Jimmy Page’s 1971 Gibson EDS-1275 Doubleneck Custom

Jimmy Page ordered this guitar from Gibson sometime in 1970/71, for the sole purpose of having something to play “Stairway to Heaven” on when performing live. It is now a known story that Jimmy used a variety of different guitars on that song, to the point where he was teased about it, so having to replicate that sound in a concert setting, proved to be a challenge.

We recorded Stairway to Heaven, and because there was like a guitar army on it – as they used to tease me. Because of that, it needed more texture than just one guitar. The double-neck seemed like a perfect compromise

Jimmy Page e sua Gibson EDS 1275
Jimmy Page playing his 1971 Gibson EDS-1275 double-neck guitar in 1973.
Jimmy Page playing his 1971 Gibson EDS-1275 double-neck guitar in 1973.

Apart from “Stairway to Heaven”, Page also used this guitar to play “The Rain Song”, “Celebration Day”, and “The Song Remains The Same” when playing live with Led Zeppelin.

Specs, Model

For one reason or another, Jimmy didn’t opt for a used guitar – these EDS-1275 guitars were produced from 1963–1968, so in 1971, Page hadn’t had the option to purchase one new. Instead, he talked directly to Gibson about making him a custom, out-of-production line model.

Based on the looks and the specs, the guitar didn’t defer at all from the standard production models. It featured a cherry finish on a mahogany body, it had mahogany necks with rosewood fretboards with split parallelogram inlays, two separate three-way switches, and two master volume and two master tone controls.

The only thing that Jimmy changed on the guitar was replacing the original 6-string bridge humbucker with a Seymour Duncan one. But, this didn’t happen probably until the 1980s, so all the iconic Led Zeppelin performances were done on the original Gibson pickup.

Screenshot from
Screenshot from “The Song Remains the Same”. No “Seymour Duncan” branding is seen on the bridge humbucker.
Feedback

GroundGuitar counts on your criticism and feedback. In case you notice anything wrong with the information posted on this page, or you have knowledge of something that you would like to share, be sure to leave a comment below.

If you notice a piece of gear missing, and you wanna add it yourself, you can do so on this page Add Gear to GroundGuitar.

In case you want to talk to me directly and privately, please use the Contact Form and I will get back to you as soon as possible. (Dan)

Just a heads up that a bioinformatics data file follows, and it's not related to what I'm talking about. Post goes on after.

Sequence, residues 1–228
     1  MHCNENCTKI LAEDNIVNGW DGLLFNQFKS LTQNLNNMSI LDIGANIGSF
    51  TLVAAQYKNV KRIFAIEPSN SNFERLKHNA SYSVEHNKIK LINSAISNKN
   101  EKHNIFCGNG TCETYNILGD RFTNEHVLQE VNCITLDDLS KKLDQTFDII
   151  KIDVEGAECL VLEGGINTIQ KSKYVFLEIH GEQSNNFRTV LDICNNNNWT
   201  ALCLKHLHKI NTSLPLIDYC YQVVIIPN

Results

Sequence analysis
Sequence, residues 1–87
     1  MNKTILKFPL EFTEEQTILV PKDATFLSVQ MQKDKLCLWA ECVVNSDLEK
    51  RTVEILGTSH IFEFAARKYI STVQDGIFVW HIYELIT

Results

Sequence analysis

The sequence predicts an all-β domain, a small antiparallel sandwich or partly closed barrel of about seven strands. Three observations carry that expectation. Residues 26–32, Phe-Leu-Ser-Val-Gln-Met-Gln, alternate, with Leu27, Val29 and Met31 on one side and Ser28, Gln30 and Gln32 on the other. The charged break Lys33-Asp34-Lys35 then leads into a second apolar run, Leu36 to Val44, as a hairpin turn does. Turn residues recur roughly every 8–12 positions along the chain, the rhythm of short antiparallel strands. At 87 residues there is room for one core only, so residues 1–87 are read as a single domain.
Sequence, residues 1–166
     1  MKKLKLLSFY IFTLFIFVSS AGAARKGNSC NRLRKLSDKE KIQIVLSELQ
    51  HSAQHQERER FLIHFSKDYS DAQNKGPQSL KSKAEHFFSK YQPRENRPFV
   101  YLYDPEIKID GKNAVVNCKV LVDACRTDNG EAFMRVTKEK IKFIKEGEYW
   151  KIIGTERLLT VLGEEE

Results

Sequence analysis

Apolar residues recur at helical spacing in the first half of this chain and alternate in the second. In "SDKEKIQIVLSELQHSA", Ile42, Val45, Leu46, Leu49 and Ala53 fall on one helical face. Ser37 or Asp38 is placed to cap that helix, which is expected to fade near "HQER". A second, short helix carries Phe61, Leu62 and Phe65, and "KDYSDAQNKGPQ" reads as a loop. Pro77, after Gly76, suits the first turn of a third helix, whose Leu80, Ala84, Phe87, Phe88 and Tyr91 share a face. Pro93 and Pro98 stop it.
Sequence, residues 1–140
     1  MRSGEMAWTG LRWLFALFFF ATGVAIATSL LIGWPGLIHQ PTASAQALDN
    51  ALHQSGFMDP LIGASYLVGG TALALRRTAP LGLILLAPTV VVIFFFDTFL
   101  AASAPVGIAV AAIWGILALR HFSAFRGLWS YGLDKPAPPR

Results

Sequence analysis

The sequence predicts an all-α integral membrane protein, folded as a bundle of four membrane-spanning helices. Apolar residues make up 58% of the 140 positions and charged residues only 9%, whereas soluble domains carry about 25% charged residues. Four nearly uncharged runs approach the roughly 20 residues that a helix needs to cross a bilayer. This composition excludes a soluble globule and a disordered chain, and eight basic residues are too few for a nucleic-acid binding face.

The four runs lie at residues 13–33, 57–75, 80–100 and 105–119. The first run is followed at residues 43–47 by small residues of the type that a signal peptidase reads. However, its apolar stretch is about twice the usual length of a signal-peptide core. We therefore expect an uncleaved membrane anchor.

Subscribe
Notify of
guest
1 Comment
oldest
newest most voted
Inline Feedbacks
View all comments
Ian Lance Jones
Ian Lance Jones
5 days ago

During their ’77 US Tour, Led Zeppelin opened their shows with The Song Remains the Same, Jimmy playing on the EDS-1275’s 12-string neck. Then, without a pause, he switched to the 6-string neck for Sick Again, bridging the two songs with the intro to The Rover. During that whole sequence, Jimmy used the double-neck. He only switched to his “#1” Les Paul 1959 for the third song of the setlist, Nobody’s Fault But Mine.
Proof: On the video footage of the Seattle Kingdome gig on July 17th, which is widely available, we can see Jimmy playing Sick Again on his double-neck (… however, on the famous bootleg Listen to This Eddie, captured at the LA Forum by Mike ‘the Mic’ Millard on June 21, 77, Jimmy can’t be heard for the first bars of Sick Again. Did Jimmy opted to promply switch guitars and play his Les Paul?)

Nicknamed “the Antenna” because its four humbuckers had the annoying tendency to pick up background signals and noise, the EDS-1275 was indeed custom-built for live performances of songs that require both a 6-string and a 12-string sound or two different tunings. However, the double-neck was also used at least once in the studio; according to Dave Lewis’ book “Led Zeppelin − A Celebration” (Omnibus Press, 1991), “[the EDS-1275 was] rarely used in the studio, Carouselambra being a notable exception.” Actually, there’s not doubt it’s the double-neck we hear during the arpeggios part of he song (starting at 4’06”).

Note: I also read an interview in which Jimmy stated having considered using the EDS-1275 for the ’77 live performance of Achilles Last Stand, but eventually decided otherwise, satisfied with the sound of his trademark ’59 Les Paul Standard. Perhaps the thick and rich sound of John Paul Jones’ new Alembic 8-string bass galopping riff, as well as the weight of the double-neck—Jimmy was notoriously frail and pencil-thin at the time—played a part in his final decision.